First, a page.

Irene said: “See.Sense data fills an important gap for cities since there is very limited data when it comes to cycling. Where it does exist, it is either a basic ‘count’ of cyclists or is crowdsourced GPS data.

“Because our devices gather such granular sensor data on swerving, braking and even the road surface conditions, we offer new insights into the cycling experience that go beyond what is typically available. This is why our data can be used for improved understanding of safety as well as the design and maintenance of cycling infrastructure.

“We’re working with partners such as RoSPA [Royal Society for the Prevention of Accidents], TfL [Transport for London], and the Transport Accident Commission in Victoria to achieve real impact in cities.”

Having utilised data to revolutionise their own business model, how do Philip and Irene see data impacting the wider cycling industry?

“A connected cycling experience, and that data that makes that possible, is a big differentiator for See.Sense,” said Irene. “It enables an improved experience for our customers that goes beyond being ‘just a bike light’, and means we can offer additional connected features such as crash and theft alerts, ride stats and the ability to report potholes or other issues.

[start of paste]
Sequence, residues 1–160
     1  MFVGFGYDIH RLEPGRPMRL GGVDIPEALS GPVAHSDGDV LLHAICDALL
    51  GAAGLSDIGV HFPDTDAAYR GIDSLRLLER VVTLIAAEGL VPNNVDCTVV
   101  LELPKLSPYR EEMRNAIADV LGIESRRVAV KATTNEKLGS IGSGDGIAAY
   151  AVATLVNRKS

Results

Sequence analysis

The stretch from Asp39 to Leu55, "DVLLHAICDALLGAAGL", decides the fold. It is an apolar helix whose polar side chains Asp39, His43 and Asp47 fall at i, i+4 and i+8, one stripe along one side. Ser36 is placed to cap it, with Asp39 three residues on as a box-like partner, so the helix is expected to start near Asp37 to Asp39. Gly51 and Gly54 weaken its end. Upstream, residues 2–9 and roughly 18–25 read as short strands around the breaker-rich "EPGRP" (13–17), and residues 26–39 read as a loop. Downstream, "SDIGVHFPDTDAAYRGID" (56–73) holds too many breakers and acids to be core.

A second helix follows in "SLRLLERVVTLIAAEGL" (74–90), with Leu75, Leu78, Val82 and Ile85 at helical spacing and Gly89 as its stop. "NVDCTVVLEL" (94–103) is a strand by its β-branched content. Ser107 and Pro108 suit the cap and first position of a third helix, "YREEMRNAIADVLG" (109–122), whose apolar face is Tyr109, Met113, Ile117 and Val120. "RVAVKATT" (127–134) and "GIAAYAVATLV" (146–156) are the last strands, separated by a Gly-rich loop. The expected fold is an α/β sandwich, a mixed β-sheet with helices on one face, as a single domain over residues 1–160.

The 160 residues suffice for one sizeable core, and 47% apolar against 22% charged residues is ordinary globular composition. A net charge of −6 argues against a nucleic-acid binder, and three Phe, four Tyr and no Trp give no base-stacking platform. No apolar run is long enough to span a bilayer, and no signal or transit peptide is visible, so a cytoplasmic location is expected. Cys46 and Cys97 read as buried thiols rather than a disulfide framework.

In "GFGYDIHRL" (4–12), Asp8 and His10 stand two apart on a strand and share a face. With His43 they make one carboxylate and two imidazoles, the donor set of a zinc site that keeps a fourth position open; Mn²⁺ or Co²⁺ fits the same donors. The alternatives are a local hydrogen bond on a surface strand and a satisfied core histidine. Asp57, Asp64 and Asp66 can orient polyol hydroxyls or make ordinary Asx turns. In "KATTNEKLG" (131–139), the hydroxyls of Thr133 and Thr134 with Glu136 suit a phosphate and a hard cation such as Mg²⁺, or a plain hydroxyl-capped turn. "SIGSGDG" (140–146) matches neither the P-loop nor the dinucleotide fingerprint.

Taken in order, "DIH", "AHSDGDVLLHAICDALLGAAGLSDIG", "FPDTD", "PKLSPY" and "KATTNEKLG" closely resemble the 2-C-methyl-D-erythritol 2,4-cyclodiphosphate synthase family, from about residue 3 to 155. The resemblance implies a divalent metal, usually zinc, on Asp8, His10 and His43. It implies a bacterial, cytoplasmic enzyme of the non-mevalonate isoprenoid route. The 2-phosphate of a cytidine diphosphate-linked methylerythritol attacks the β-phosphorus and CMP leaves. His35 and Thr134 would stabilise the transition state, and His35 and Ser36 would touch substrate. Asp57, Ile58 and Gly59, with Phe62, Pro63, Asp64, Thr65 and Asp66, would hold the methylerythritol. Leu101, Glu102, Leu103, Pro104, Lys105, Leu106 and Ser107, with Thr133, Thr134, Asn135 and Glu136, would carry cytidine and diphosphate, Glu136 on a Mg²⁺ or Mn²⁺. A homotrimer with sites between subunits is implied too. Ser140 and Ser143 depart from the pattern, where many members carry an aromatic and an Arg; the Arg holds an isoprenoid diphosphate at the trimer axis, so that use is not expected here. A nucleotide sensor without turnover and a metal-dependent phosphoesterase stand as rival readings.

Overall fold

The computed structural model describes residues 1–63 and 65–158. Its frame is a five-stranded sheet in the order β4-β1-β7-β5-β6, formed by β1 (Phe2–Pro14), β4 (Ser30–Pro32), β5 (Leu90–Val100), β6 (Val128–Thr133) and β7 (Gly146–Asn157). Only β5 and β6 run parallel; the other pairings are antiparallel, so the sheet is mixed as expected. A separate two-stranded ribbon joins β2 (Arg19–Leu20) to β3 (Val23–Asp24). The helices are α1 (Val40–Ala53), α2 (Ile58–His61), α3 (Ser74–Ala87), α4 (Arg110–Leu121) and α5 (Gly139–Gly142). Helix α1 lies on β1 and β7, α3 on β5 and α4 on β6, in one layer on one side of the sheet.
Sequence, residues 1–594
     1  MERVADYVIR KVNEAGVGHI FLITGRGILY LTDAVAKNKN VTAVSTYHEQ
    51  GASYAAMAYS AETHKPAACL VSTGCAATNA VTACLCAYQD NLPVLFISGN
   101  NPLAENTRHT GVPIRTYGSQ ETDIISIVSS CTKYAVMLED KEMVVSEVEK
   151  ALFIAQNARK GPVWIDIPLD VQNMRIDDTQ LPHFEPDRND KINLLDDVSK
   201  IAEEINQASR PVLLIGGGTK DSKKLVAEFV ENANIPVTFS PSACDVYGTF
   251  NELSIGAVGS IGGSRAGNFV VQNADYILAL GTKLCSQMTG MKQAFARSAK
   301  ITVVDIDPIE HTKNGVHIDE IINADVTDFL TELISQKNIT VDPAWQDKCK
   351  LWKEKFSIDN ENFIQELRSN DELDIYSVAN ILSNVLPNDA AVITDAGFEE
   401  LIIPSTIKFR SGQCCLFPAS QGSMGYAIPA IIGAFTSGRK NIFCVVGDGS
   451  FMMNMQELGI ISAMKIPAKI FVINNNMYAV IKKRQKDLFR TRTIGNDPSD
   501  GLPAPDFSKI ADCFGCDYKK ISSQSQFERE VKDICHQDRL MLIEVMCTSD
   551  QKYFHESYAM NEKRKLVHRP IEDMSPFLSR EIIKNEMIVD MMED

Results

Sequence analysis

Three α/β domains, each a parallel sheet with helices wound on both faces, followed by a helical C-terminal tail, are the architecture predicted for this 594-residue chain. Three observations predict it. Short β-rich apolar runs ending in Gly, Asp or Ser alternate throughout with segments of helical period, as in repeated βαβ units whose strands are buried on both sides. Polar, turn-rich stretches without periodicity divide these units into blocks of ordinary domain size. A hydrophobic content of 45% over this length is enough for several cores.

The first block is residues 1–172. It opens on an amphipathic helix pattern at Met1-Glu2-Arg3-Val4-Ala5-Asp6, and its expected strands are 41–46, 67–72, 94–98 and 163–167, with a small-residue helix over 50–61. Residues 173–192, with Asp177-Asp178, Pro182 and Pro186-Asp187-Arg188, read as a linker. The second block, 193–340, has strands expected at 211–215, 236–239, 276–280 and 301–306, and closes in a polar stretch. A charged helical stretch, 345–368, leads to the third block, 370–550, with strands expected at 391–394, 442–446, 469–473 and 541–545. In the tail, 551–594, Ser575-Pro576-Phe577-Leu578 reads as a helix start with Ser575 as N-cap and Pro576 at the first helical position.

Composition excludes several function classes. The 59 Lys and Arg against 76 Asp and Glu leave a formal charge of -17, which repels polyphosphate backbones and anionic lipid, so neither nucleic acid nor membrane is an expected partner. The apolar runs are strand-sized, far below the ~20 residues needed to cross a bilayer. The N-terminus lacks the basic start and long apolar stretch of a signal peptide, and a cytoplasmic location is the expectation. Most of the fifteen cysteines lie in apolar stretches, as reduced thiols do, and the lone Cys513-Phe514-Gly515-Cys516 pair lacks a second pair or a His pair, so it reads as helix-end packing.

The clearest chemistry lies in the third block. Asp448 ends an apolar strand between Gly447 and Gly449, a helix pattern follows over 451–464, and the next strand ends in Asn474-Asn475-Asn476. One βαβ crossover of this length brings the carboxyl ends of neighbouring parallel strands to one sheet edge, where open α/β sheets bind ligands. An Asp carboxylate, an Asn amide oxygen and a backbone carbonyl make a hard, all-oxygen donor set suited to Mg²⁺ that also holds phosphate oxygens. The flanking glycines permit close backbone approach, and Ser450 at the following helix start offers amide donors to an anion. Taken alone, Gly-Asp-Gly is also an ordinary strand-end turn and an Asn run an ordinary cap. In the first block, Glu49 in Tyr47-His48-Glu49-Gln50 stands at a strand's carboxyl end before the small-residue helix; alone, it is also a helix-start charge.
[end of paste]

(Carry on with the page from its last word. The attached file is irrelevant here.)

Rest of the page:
“This means people who buy our lights form part of our community, and we build an ongoing relationship with them that goes beyond the initial product sale. The aggregated data insights they share with us are accessible by cities, who can use it to improve conditions for all cyclists which is something we are doing more and more of.

“We are a founding member of Cycling Industries Europe and a very active member of the Connected Cycling and ITS working group. Over the years we have seen more brands become interested in this space, and it is something we welcome.”

The product
While data now sits at the heart of See.Sense, it’s the product that has its success possible. See.Sense lights have picked up a host of awards and positive reviews, including The Independent’s IndyBest Best Buy Award, as well as Best Overall from ‘12 Best Bike Lights to keep you safe in 2021’. The ACE light was also rated 9/10 by Cycling Weekly.